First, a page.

p( Ei  E j )  0   for   i j
– Events E1 , E 2 , ..., E n are jointly exhaustive if
p( E1  E 2  ...  E n )  1
– Events E1 , E 2 , ..., E n form a partition (of  ) if they
are mutually exclusive and jointly exhaustive.
• Example. Events       Ei  {i}, i  0, 1,...,100 form a partition of
 which is defined in the previous examples.
14
Properties of Probability Distribution
• Property related to partition:
– If Events E1 , E 2 , ..., E n are mutually exclusive, then
p( E1  E 2  ...  E n )  p( E1 )  p( E 2 )  ...  p( E n )
– If events E1 , E 2 , ..., E n form a partition
p( E1 )  p( E 2 )  ...  p( E n )  1

15
Properties of Probability Distribution
• Example: Consider the following events
– E1  { 40} , i.e., the event of “fail”
– E1  {[ 41,59 ]} , i.e., the event of “pass but less than 2.1”
– E3  {[ 60,69 ]} , i.e., the event of “2.1”
– E4  {[ 70,100 ]} , i.e., the event of “1st class”
Then E1 , E 2 , E3 , E 4 form a partition of 
– If   p( E1 )  0.25, p( E 2 )  0.4, p( E3 )  0.25 , then
p( E 4 )  1  [ p( E1 )  p( E 2 )  p( E3 )]  0.10
– Further let E5  { 40} ( i.e., the event of “pass”), then
p( E5 )  p( E 2  E3  E 4 )  p( E 2 )  p( E3 )  p( E 4 )  0.75
16
Robot Localization Problem

• The robot localization problem is one of the
most basic problems in the design of
autonomous robots:
– Let a robot equipped with various sensors move
freely within a known, static environment. Determine,
on the basis of the robot‟s sensor readings and the
actions it has performed, its current pose (position
and orientation).
– In other words: Where am I?

17
Robot Localization Problem

• Any such robot must be equipped with sensors
to perceive its environment and actuators to
change it, or move about within it.
• Some types of actuator
– DC motors (attached to wheels)
– Stepper motors (attached to gripper arms)
– Hydraulic control
– „Artificial muscles‟
– ...

18
Robot Localization Problem

• Some types of sensor
– Camera(s)
– Tactile sensors
• Bumpers
• Whiskers
– Range-finders
• Infra-red
• Sonar
• Laser range-finders
– Compasses
– Light-detectors
19
Robot Localization Problem

• In performing localization, the robot has the
following to work with:
– knowledge about its initial situation
– knowledge of what its sensors have told it
– knowledge of what actions it has performed
• The knowledge about its initial situation may be
incomplete (or inaccurate).
• The sensor readings are typically noisy.
• The effects of trying to perform actions are typically
unpredictable.

20
Robot Localization Problem
• We shall consider robot localization in a simplified setting: a
single robot equipped with rangefinder sensors moving freely
in a square arena cluttered with rectangular obstacles:

• In this exercise, we shall model the robot as a point object
occupying some position in the arena not contained in one of
the obstacles.
21
Robot Localization Problem
• We impose a 100×100 square grid on the arena, with the grid lines
numbered 0 to 99 (starting at the near left-hand corner).
• We divide the circle into 100 units of π/50 radians each, again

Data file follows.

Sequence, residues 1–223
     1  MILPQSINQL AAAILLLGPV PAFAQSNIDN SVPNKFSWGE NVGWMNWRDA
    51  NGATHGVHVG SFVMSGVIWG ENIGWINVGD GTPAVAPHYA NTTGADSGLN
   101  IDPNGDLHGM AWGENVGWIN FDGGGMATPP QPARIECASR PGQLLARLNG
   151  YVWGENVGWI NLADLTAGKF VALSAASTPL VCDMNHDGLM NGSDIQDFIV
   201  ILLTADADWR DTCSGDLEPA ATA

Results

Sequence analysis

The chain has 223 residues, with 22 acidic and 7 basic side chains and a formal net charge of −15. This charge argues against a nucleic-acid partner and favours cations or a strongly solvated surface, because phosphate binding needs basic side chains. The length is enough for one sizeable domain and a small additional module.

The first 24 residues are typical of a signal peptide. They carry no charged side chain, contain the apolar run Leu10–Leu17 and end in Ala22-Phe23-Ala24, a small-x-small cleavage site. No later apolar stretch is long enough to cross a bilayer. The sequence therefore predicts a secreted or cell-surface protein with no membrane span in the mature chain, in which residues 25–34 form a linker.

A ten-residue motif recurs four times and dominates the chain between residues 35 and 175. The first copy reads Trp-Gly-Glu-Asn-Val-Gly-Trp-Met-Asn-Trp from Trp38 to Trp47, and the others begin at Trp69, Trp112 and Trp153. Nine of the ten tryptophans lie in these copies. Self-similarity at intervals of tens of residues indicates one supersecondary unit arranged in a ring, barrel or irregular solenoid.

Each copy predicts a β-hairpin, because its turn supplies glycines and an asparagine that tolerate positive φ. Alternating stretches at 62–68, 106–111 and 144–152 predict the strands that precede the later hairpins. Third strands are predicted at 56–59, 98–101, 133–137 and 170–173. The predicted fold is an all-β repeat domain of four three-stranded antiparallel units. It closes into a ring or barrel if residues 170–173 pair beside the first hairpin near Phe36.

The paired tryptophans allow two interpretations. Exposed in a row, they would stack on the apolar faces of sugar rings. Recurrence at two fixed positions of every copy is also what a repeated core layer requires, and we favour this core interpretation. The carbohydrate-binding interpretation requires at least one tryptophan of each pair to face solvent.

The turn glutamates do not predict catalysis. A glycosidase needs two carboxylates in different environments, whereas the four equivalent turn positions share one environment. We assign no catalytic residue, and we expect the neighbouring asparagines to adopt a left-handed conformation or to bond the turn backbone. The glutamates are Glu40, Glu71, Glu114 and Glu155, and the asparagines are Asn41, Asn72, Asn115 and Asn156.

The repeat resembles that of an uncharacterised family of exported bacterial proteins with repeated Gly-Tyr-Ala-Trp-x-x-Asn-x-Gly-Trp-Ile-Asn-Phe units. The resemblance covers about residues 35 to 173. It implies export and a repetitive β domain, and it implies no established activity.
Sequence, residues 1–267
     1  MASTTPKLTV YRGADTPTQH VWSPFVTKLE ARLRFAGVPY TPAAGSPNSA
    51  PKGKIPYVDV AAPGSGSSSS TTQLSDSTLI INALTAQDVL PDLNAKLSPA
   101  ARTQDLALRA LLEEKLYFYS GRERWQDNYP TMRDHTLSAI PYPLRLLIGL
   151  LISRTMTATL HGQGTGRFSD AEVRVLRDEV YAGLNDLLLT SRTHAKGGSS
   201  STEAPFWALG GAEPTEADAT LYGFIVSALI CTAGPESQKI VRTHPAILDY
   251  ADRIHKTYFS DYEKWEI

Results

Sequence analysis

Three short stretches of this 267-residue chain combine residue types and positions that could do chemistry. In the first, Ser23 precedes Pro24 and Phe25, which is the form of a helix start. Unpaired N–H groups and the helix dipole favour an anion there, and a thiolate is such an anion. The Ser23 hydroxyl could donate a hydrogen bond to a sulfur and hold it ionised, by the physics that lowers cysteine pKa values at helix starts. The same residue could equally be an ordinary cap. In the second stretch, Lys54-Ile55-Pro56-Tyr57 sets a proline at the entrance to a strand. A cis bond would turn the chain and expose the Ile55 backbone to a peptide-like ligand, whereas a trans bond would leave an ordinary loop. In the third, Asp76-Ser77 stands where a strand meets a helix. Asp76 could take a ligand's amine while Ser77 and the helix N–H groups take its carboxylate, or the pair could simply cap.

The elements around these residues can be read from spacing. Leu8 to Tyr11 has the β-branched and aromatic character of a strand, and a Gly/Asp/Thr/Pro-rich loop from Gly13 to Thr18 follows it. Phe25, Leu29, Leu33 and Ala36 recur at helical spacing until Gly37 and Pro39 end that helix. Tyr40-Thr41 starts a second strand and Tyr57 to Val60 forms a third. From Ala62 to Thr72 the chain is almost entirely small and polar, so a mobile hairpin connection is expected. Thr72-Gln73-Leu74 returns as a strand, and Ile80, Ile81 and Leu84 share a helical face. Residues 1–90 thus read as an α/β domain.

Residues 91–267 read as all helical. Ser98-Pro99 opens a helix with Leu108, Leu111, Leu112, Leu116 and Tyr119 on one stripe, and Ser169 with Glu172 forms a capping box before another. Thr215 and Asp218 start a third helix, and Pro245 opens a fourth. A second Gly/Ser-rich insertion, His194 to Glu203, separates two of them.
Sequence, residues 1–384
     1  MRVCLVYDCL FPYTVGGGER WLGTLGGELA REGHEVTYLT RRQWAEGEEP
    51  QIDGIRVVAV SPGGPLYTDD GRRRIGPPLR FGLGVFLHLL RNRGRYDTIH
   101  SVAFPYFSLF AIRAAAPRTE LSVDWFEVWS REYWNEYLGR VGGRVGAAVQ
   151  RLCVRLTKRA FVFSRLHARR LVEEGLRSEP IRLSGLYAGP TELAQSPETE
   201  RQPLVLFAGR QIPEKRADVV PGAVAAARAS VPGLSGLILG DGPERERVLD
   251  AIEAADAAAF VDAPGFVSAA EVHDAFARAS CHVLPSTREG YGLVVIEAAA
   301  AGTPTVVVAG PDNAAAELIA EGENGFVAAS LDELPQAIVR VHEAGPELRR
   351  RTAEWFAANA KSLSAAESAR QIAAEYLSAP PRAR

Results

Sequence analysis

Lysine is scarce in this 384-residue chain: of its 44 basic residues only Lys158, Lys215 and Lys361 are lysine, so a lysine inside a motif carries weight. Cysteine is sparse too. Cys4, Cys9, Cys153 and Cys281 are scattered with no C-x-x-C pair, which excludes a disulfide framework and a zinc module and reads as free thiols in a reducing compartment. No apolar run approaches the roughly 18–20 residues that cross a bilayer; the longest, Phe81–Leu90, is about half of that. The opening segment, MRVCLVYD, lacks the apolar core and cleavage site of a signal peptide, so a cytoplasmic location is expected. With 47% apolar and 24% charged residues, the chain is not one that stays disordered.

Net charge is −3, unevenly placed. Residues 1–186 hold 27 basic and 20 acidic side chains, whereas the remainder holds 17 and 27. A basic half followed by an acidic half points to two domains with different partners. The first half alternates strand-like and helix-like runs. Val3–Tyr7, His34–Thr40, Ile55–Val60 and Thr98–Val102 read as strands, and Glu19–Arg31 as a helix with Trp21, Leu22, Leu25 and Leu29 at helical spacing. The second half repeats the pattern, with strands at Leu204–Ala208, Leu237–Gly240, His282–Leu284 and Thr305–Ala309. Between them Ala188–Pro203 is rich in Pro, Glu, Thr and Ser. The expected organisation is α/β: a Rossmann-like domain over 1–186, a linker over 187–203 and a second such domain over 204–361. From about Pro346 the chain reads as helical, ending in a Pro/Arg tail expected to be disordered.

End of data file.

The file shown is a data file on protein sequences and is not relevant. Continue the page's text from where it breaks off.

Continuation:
numbered 0 to 99 (measured clockwise from the positive x-axis.
• We take that the robot always to be located at one of these grid
intersections, and to have one of these orientations.
• The robot‟s pose can then be represented by a triple of integers
(i, j, t) in the range [0, 99], thus: as indicated.

22
Robot Localization Problem
• Now let us apply the ideas of probability theory to this
situation.
• Let Li,j,t be the event that the robot has pose (i, j, t)
(where i, j, t are integers in the range [0,99]).
• The collection of events
{Li,j,t | 0 ≤ i, j, t < 100}
forms a partition!
• The robot will represent its beliefs about its location as a
probability distribution
• Thus, p(Li,j,t) is the robot‟s degree of belief that its
current pose is (i, j, t).
23
Robot Localization Problem
• The probabilities p(Li,j,t) can be stored in a 100 × 100 ×
×100-matrix.
• But this is hard to display visually, so we proceed as
follows.
• Let Li,j be the event that the robot has position (i, j), and
let Lt be the event that the robot has orientation t
• Thus
Li , j   Li. j .t
t

Lt    Li , j ,t
i       j

24
Robot Localization Problem

• As the events Li , j ,t form a partition, then, based on the
property related to partition, we have

PLi , j   P  Li , j ,t    P( Li , j ,t )
             
 t              t

               
PLt   P   Li , j ,t    PLi , j ,t 
               
 i j            i j

25
Robot Localization Problem

• These summations can be viewed graphically:

26
Robot Localization Problem
• The robot‟s degrees of belief concerning its position can
then be viewed as a surface, and its degrees of belief
concerning its orientation can be viewed as a curve, thus:

• The question before us is: how should the robot assign
these degrees of belief?
27
Robot Localization Problem
• There are two specific problems:
– how should the robot‟s probabilities change?
• A reasonable answer to the first question is to assume
all poses equally likely, except those which correspond
to positions occupied by obstacles:

• We shall investigate the second question in the next
lecture.                                                  28